There is a pervasive culture of nepotism in this state that vitiates our efforts to educate our youth and convince them that their education will pay off right here in S.C. When they see all around them that whom you know is still much more important than what you know, can you blame them?
    Barack’s election hits this decisively in the head on a national level. Here is a well-educated person who has a degree from Harvard Law and who taught part-time for twelve at the University of Chicago. The smoothness, level-headedness, and intelligence with which he ran his campaign should give us a hopeful indication of how he will run the country.
    Instead of John McCain’s exasperating frat-boy bluster and erratic behavior, we’ll have somebody that the world can actually admire. Bush and his cronies can go back to their ranches in Texas and Wyoming where they can rusticate to their hearts’ content until they are “called home” by whoever they believe does the calling.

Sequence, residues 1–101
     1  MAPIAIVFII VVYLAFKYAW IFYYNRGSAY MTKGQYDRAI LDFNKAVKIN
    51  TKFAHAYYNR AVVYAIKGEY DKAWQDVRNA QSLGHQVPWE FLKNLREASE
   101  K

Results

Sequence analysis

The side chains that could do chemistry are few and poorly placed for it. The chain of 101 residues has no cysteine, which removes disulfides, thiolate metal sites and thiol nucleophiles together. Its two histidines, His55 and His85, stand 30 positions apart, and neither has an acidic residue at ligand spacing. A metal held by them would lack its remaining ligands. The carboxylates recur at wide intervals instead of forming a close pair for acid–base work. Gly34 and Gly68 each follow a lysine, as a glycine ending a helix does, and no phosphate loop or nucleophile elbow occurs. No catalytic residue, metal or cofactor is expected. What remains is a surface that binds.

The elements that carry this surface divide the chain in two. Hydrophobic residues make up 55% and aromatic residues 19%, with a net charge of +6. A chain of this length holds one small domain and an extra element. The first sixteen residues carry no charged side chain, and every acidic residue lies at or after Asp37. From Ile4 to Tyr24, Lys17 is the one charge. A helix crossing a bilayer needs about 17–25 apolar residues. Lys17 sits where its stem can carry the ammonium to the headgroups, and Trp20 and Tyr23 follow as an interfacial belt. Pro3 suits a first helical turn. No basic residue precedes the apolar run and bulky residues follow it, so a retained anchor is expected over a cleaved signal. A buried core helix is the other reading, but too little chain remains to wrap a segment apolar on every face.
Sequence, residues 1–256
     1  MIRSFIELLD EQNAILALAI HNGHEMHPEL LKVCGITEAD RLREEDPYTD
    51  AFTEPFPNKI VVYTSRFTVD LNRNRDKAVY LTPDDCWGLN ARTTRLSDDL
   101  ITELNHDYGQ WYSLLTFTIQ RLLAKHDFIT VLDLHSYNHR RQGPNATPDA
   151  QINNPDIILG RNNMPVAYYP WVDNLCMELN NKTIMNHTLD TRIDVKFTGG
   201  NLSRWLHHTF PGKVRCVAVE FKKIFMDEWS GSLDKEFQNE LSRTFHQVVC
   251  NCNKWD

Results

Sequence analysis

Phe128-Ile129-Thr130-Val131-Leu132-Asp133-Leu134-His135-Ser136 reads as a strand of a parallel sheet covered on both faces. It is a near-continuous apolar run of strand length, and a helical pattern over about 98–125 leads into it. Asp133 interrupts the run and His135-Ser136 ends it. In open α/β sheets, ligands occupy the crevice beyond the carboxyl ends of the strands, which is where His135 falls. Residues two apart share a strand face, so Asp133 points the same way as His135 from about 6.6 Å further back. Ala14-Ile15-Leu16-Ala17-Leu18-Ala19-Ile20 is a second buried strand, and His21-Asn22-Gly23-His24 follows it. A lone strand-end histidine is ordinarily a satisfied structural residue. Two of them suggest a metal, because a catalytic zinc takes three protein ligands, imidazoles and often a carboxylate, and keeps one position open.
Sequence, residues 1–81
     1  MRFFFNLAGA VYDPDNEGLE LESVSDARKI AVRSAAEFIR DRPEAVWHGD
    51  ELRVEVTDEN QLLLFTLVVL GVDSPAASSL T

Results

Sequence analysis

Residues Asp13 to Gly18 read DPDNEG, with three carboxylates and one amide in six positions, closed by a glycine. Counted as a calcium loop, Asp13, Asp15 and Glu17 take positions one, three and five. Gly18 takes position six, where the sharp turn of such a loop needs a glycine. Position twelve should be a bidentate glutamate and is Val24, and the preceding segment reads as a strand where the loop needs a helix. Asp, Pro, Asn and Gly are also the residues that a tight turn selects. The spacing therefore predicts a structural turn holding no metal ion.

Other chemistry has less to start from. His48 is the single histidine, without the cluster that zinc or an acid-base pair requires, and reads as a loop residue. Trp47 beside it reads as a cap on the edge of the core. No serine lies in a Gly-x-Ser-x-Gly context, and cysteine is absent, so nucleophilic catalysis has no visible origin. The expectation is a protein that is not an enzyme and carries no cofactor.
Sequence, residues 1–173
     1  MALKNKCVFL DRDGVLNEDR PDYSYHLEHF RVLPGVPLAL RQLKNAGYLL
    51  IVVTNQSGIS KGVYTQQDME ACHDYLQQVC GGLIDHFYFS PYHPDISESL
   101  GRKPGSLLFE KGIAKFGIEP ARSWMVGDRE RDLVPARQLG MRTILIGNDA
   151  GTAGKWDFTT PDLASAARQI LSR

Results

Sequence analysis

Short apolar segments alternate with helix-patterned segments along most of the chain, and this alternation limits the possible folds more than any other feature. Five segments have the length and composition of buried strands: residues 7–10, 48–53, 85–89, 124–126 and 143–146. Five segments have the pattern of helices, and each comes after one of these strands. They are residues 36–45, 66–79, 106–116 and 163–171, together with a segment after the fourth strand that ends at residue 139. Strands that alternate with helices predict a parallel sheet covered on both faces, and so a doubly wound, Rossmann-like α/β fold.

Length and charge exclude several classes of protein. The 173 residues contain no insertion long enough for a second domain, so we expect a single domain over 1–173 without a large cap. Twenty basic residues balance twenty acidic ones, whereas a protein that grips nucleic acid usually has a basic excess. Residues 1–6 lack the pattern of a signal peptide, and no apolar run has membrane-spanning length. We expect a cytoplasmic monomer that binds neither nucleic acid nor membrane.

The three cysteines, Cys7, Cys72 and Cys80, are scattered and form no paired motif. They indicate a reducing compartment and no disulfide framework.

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  5. Phillip

    I’m not sure what Obama Effect you’re talking about relative to SC that you had to fly in the face of in choosing Republicans. All GOP incumbents in Congress won here, and McCain won the state as you noted, though by 8 fewer percentage points than did Bush four years ago.
    One race that was interesting was Wilson’s relatively close win. The fact that Miller didn’t pile up quite the margin in the Richland County part of the district that Wilson did in the Lexington County part was the deciding factor. As for the presidential race, in the State’s immediate geographical vicinity, Richland County went 2-1 for Obama while Lexington County went even slightly more than that for McCain.